The US’s Inflation Reduction Act, the package of energy transition-focused incentives passed in the summer of last year, put the country in pole position when it comes to attracting investment dollars into climate technology and infrastructure. Managers of climate-focused capital in the US have hailed the act as being catalytic both for the planet and for their own businesses.
Those with an interest in European climate technology would be forgiven for feeling jealous. As one global GP noted in December last year at PEI Group’s Women in Private Markets Summit in London, the act had “enabled the US to leapfrog Europe and the rest of the world in terms of really advancing and winning in the clean and climate technology space”.
Meanwhile, Russia’s invasion of Ukraine and the year of war that has followed recalibrated European priorities when it comes to energy. The energy transition is, of course, still a critical and urgent priority, but energy security and the continent’s reliance on Russian supplies has become the more immediate concern. “The war in Ukraine and dependence on Russian gas has driven home the need for Europe and UK to think about energy security,” said Deepa Bharadwaj, European head of infrastructure at IFM Investors, at a roundtable event in London last week.
As one global climate investor described it to me this week, European management bandwidth has been absorbed, justifiably, by the need to make sure the continent does not run out of gas.
The EU is responding to the IRA. The European Commission has put forward the Green Deal Industrial Plan (GDIP). According to analysis by Credit Suisse, there is still “considerable uncertainty” as to the size and scope of the GDIP, “not only due to disagreement amongst European leaders but also because Europe has already raised multiple green transition facilities.”
Nevertheless, the bank estimates the total amount that could be mobilised in the EU, “primarily from existing programmes or facilities”, to be anywhere between €419 billion and €755 billion.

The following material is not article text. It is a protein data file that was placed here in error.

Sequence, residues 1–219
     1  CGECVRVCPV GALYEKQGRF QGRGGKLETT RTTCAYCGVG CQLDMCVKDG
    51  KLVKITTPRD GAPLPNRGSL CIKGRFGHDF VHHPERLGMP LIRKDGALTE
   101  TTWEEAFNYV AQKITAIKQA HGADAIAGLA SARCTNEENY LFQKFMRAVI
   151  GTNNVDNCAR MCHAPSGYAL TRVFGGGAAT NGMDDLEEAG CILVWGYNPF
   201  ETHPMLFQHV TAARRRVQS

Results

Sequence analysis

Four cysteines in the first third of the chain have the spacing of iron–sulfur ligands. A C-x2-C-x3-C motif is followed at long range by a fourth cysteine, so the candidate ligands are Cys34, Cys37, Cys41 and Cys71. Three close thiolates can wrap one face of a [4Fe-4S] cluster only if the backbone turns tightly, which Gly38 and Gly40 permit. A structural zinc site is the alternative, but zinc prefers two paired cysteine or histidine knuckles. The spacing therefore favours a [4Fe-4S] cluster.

“If all the funds are allocated and used, this would place Europe’s potential green investment ahead of the US IRA’s $369 billion subsidy package,” the bank notes. The plan will be reviewed at the next EC meeting towards the end of March, notes Credit Suisse.
Outside the EU, investors in the UK are wondering what similarly dramatic government intervention might look like. Beverley Gower-Jones, who founded Clean Growth Fund, describes how the UK needs a mechanism to enable the uptake of low-carbon clean technologies much faster than would happen by market forces alone.
The Clean Growth Fund is a £101 million ($121 million; €114.7 million) VC fund targeting early-stage cleantech businesses in the UK. Last week, the firm joined up with five other investors, including Bill Gates’ Breakthrough Energy Ventures and Just Climate, to launch the Cleantech for UK initiative. The hope, says Gower-Jones, is that the coalition of investors will speak with a united voice and galvanise a policy response to the IRA.
Is she optimistic that the UK could potentially produce something as transformative? “For the UK to remain competitive, that is what needs to happen,” she says.
Government intervention on a dramatic scale will be fundamental if we are to meet the estimated levels of investment needed to decarbonise at the rate required. The US has started the race; for the good of the planet, let’s hope the rest of the world follows quickly.